On Her Wedding Day


We stand, enclosed within a sanctifying circle, redwoods
extending. The white pole of the chuppah steady in my hands,
dark blue ribbons fluttering from the lace canopy. She a fairy
dream in wedding white, auburn curls cascading, facing away, drowning
in his eyes. The rabbi’s voice rises and falls, and if
now and then a catch of breath interrupts, if salt water
gleams, we will forgive. She speaks, and weeps, for us all.
Do not think that this is grief. How could it be? For him, an
angel clearly walks the earth. He barely hears the rabbi’s words, a
‘yes’ hovering on his lips. He has lost himself in her. The
rabbi speaks the solemn Hebrew, pauses for a silly tale or two;
everyone laughs. Yet even this laughter is but another note of
joy; a rising crest, a wave that will not spare flowered maiden aunts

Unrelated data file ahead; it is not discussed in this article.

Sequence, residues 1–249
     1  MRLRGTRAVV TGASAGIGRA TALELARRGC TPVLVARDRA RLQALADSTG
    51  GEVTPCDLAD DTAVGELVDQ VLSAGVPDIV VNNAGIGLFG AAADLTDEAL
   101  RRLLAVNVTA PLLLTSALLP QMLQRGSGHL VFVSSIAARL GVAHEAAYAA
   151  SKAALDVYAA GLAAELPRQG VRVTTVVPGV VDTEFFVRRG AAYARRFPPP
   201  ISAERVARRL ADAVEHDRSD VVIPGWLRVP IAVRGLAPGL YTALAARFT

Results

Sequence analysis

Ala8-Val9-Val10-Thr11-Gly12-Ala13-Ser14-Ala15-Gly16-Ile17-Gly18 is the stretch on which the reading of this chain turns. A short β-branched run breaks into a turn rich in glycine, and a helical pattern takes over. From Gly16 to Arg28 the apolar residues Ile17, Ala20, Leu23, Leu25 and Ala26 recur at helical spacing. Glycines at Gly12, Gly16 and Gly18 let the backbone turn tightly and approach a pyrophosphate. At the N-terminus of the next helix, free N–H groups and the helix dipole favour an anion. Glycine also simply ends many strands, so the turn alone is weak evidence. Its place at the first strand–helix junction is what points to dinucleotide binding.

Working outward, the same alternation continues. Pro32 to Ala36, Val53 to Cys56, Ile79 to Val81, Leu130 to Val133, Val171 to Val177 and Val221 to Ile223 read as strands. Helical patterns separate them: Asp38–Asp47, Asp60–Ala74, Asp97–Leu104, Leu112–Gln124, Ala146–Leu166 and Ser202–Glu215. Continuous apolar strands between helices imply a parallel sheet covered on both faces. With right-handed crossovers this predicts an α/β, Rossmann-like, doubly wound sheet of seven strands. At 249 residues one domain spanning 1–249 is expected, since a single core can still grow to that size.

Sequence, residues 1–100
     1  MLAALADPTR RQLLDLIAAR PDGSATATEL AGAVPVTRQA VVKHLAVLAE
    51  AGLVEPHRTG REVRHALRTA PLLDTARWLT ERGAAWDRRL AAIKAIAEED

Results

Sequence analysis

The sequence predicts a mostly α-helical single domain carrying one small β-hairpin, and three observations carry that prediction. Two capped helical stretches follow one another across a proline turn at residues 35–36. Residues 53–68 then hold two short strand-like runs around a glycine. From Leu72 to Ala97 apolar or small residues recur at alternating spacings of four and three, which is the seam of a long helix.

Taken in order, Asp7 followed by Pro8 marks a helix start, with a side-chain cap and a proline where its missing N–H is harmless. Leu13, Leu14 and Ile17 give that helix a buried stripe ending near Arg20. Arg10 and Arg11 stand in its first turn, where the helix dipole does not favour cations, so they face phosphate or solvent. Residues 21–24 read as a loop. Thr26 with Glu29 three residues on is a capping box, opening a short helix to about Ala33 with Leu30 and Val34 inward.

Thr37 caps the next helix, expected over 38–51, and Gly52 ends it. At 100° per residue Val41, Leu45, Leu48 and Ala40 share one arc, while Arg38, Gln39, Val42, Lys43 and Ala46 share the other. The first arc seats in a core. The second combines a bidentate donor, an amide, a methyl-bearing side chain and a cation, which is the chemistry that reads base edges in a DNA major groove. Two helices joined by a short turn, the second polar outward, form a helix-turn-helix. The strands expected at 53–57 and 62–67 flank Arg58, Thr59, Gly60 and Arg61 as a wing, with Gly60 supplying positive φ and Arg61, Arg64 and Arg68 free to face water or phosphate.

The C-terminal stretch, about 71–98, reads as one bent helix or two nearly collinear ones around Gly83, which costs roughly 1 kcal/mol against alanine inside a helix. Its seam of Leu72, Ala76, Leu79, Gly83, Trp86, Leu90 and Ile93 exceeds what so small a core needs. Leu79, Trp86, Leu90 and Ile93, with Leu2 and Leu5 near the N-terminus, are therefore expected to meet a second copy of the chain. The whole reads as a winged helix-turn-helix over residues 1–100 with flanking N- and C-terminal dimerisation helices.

or cousins in dark suits. Quarrels silenced, hands clasped, perceived
injustice forgotten, lost in the gathered blessing. That the pair and their
children might live in love. Fervent wishes from rabbi and gathering,
in our best hearts. And if but a hundredth of the joy that shines
new-forged in his eyes survives this day, we need not worry; love so
grand will fill their lives, spilling out in a happy contagion.



M.A. Mohanraj
September 24, 1997
(for Kira and Sean, with love)